Cast iron pots tend to heat more quickly, stay hot longer, and have none of the possible health concerns surrounding Teflon pots. Also, I know this is anecdotal, but my mother would often say that even if you scrape a cast iron pot while cooking, the worse you get is iron-enriched food (which is often a plus because I, at least, always tended towards iron deficiency). For more information, see previous green answers.
Some other reasons that cast ron makes such great cookware, are that the cookware itself can be produced with a fairly low level of technology. You can season your cookware to prevent it from rusting and also to provide a non-stick surface. They also diffuse and retain heat better – which is good for long-cooking stews. A huge plus for using cast iron is that it’s virtually indestructible (for cooking) so you can definitely re-use it for many, many years. I still have some from my mother’s cast iron pans, although I primarily use Staub cookware (enamled cast iron) since I tend toward an excess of iron already.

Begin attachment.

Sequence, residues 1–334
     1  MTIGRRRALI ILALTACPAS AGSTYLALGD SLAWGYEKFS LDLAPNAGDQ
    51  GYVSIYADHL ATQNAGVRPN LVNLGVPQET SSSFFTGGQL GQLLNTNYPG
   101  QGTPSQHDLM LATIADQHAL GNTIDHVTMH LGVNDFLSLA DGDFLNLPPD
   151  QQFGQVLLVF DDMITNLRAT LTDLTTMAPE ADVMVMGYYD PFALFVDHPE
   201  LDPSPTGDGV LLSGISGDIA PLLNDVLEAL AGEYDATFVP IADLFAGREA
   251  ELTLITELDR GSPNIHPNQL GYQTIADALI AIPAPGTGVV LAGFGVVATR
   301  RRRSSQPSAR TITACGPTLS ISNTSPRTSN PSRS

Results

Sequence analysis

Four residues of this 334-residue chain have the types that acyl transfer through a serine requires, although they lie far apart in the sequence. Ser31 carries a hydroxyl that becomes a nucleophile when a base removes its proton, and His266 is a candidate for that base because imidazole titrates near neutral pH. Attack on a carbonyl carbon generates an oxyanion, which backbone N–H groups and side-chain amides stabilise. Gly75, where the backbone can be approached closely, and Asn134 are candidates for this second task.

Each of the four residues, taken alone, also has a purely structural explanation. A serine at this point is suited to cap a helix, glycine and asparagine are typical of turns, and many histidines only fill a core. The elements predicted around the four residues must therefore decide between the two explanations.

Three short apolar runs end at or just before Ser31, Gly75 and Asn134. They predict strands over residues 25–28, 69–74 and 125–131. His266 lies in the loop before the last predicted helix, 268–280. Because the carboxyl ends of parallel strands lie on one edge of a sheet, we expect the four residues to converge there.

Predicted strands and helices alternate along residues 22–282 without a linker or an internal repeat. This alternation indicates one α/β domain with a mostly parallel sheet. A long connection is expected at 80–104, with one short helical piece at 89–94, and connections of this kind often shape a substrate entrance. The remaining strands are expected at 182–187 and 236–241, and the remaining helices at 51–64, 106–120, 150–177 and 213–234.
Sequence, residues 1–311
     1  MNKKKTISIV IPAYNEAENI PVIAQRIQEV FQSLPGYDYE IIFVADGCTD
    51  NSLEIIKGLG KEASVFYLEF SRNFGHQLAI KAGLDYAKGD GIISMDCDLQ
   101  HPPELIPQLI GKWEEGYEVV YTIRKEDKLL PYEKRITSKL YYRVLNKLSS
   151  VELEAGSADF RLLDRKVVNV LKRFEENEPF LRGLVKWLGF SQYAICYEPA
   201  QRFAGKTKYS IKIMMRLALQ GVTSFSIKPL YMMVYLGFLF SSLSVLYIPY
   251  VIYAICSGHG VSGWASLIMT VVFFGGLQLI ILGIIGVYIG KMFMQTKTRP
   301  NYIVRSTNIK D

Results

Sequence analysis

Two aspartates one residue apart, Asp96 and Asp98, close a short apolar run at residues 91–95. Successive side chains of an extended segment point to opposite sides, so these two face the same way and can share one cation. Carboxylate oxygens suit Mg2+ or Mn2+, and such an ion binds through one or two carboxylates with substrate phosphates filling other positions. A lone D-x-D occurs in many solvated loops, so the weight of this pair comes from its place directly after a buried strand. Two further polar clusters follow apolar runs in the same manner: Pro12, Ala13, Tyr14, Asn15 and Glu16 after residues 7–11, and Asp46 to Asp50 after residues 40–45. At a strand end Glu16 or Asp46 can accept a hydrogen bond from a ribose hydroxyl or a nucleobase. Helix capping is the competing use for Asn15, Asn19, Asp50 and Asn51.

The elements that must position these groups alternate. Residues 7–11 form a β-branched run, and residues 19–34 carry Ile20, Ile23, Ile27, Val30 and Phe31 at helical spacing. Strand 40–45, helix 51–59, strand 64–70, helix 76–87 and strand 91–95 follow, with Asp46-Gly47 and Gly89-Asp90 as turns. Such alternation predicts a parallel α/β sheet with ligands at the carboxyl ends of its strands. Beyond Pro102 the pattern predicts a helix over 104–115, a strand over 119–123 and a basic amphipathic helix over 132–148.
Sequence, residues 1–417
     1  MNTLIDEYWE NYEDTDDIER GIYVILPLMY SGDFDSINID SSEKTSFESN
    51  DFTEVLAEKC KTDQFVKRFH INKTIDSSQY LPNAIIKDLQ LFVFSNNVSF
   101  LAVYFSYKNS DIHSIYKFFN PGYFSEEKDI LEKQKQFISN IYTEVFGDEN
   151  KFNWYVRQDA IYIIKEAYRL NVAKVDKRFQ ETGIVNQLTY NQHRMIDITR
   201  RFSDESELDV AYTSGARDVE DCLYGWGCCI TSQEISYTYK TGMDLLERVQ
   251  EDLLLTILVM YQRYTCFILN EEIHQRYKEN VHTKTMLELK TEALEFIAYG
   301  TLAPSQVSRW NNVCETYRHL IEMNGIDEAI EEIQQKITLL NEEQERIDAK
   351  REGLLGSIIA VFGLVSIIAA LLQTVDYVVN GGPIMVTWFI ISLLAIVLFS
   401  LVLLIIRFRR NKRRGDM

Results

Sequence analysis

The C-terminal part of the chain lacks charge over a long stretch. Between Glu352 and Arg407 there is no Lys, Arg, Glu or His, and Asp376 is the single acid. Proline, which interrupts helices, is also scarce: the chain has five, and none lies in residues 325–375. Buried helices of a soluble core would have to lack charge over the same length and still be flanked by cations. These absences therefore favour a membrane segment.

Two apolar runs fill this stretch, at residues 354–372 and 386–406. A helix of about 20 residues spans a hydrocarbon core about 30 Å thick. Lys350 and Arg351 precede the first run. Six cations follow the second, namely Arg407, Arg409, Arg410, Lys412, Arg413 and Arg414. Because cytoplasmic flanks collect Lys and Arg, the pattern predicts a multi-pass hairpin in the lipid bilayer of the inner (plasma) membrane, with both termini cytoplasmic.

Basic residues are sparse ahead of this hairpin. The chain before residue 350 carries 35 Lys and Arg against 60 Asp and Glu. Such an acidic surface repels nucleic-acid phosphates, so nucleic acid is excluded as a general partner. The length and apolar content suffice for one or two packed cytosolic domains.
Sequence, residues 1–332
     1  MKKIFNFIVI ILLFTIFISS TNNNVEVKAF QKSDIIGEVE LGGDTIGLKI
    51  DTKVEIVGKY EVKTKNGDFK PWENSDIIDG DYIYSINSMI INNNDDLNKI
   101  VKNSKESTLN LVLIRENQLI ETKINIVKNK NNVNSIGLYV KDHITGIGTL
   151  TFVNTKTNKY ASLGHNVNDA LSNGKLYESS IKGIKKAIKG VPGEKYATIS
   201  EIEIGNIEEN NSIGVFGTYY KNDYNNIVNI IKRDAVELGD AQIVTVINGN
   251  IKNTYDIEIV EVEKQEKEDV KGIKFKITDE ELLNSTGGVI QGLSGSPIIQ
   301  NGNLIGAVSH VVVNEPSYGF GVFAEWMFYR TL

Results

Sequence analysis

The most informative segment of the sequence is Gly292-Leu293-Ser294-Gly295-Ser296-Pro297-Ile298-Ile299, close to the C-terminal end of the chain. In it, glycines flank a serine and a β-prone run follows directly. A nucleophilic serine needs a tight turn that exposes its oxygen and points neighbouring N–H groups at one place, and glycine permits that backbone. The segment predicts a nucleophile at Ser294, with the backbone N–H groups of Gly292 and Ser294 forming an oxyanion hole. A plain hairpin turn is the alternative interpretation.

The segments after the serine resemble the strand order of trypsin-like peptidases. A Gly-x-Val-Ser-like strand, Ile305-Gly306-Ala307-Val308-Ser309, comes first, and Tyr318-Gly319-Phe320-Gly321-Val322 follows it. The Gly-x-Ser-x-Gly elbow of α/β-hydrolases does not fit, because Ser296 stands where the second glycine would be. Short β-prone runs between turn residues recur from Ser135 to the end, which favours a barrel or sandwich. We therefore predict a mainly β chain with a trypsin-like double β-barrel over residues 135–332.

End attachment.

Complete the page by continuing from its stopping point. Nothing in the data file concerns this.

Unlike almost anything else, cast iron gets better and better with age. The times it is used and seasons the more non-stick it becomes. Then, you don’t need to buy a new one, and we could all (especially the environment) probably benefit from buying fewer things.
You can safely use cast iron cookware on an open flame. Most of us don’t need to worry about such things because we have electric or gas stoves in our homes, but if we are camping, or if we experience a power outage, or some other such situation that renders our stovetops unusable, we can cook with iron skillets and pans over an open flame and they’ll come out of it just fine.
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